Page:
2014 Tundra Looks to Top Detroit's Trucks

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Good news for Detroit: Full-size truck sales are up 23% in the first quarter and are approaching levels not seen since the recession tanked U.S. vehicle sales. Detroit's Big Three automakers -- Ford (NYSE: F  ) , General Motors (NYSE: GM  ) and Chrysler -- completely dominate this market and have accounted for 93% of full-size truck sales this year through March. And Detroit wants to keep it this way, since the majority of its profits come from this segment.

They'll have to keep an eye on Toyota (NYSE: TM  ) , which is trying to make a push with its 2014 Tundra to increase its 5.4% market share. In the past, Toyota has had very little success taking share away from Detroit, but this year could be different, as the new Tundra rolls out in the fall. Here's what investors need to know.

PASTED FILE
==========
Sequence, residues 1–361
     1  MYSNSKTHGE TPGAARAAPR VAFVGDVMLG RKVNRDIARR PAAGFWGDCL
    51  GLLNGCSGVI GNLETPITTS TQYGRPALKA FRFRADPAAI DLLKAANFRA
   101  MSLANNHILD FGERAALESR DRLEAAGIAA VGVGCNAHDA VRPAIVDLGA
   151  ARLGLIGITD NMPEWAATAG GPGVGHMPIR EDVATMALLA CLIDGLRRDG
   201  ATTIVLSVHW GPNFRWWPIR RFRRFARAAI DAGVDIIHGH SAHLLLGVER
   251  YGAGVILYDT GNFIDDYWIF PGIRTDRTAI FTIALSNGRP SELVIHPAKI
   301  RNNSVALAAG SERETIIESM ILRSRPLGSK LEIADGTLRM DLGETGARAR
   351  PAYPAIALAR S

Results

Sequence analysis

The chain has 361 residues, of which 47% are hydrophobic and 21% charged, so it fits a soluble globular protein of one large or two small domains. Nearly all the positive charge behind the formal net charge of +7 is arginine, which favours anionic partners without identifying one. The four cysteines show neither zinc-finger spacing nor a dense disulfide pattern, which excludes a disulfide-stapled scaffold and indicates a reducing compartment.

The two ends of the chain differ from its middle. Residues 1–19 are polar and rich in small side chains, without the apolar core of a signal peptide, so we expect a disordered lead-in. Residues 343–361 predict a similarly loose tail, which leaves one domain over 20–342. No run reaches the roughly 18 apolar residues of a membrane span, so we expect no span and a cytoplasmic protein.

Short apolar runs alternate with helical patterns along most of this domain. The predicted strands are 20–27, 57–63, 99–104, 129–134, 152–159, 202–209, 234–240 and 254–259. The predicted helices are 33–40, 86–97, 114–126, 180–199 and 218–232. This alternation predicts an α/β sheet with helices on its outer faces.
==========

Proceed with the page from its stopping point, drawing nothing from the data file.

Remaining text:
Source: Toyota.

Abolished tariffs
During the recent Trans-Pacific Partnership trade negotiations, the U.S. government agreed to gradually abolish all tariffs currently in place on Japanese vehicles entering the U.S. market, including the 2.5% tariff on each vehicle brought in and 25% on every truck. In an industry that has margins in the single digits, those tariffs can mean a huge difference in profitability and vehicle pricing.

Devalued yen